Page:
Perhaps no better evidence for the non-Christian, secular nature of the state our Founders bequeathed to us (aside from the fact that God isn’t mentioned in the Constitution, the Declaration of Independence only mentions the Creator, and the only mention of religion in the Constitution is negative, i.e., there shall be no religious test for office) is the testimony of the contemporary evangelists who did not like the point of view of the Founders. Here we have a quotation from the emminent Timothy Dwight, a prominent evangelical of the time who later headed Yale College:

“The nation has offended Providence. We formed our constitution without any acknowledgment of God; without any recognition his mercies to us as a people, of his government or even of his existence. The [constitutional] convention by which it was formed, never asked, even once, his direction, or his blessings, upon their labors. Thus we commenced our national existence under the present system without God.”

Amen to that, Tim!

This quotation can be found in the article linked here.


Anatomy of the “Dismal Science”

February 9, 2008

am_i_not.jpg

Reading Carlyle’s history of the French Revolution got me curious about him. A friend of liberty? He describes the epochal event in 700 close print pages of exciting narrative. A stormy, breathless, you-are-there quality, with dashes of sarcasm and much heavy irony, makes it fascinating reading. What did he mean by writing On Heroes and Hero-Worship? No, he was no friend of democracy, liberty, and the common man, though he did begin as a radical. In fact, he seems to have been a rather tortured intellect, maybe a tormented soul.

While thumbing through his life, however, I came upon this interesting tidbit about him and his coinage, perhaps his most famous, i.e., economics is “the dismal science.” It can easily be interpreted as a protest against the pessimistic, inhumane, and souless discipline of a “science” devoted to money. Well, think again…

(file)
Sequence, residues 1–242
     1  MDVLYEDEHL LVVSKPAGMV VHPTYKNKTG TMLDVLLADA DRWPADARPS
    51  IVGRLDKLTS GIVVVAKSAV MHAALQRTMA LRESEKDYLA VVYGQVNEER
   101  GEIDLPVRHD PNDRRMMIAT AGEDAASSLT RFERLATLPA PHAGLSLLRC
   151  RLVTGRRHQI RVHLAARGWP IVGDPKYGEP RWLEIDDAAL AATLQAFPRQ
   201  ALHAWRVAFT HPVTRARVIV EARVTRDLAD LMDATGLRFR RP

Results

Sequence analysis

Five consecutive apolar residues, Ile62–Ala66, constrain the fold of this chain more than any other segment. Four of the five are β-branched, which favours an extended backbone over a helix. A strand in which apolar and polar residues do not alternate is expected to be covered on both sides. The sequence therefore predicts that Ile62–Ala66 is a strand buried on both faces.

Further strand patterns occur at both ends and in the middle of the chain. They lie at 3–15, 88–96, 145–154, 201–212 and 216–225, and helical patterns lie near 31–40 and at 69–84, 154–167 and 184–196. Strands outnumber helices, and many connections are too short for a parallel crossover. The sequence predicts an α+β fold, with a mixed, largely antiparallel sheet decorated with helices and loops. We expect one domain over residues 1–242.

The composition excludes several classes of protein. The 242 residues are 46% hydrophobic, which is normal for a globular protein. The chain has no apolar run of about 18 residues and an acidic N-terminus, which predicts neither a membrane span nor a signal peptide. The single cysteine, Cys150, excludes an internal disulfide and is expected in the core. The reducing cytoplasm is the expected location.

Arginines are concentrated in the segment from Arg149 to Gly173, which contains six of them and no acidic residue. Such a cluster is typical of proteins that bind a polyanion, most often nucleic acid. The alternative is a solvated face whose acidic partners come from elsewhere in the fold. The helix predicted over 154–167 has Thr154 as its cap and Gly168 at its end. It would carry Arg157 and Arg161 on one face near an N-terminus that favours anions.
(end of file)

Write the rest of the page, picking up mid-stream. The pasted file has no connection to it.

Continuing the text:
Everyone knows that economics is the dismal science. And almost everyone knows that it was given this description by Thomas Carlyle who was inspired to coin the phrase by T. R. Malthus’s gloomy prediction that population would always grow faster than food, dooming mankind to unending poverty and hardship.

While this story is well-known, it is also wrong, so wrong that it is hard to imagine a story that is farther from the truth. At the most trivial level, Carlyle’s target was not Malthus, but economists such as John Stuart Mill, who argued that it was institutions, not race, that explained why some nations were rich and others poor. Carlyle attacked Mill, not for supporting Malthus’s predictions about the dire consequences of population growth, but for supporting the emancipation of slaves. It was this fact—that economics assumed that people were basically all the same, and thus all entitled to liberty—that led Carlyle to label economics “the dismal science.”

The Secret History of the Dismal Science: Economics, Religion and Race in the 19th Century
by David M. Levy and Sandra J. Peart

The image at the top is a medallion produced by the abolitionist industrialist, Josiah Wedgewood. JW was good friends with that practitioner of the dismal science and fellow abolitionist, Adam Smith. (Darwin was married to one of JW’s family, and was also an abolitionist, as well as being about 100 years ahead of his time on the question of race. Not only was he against slavery, not only did he think that Africans were the same (species) as Europeans, but he was actually friends with some.) This children of The Enlightenment – that fearsomely evil, anti-moral, godless, soul-destroying ideology – seem like pretty good guys compared to Thomas Carlyle, romantic apologist for dictatorship and slavery.

Still, he was a pretty nice looking fellow, don’t you think?

carlyle.jpg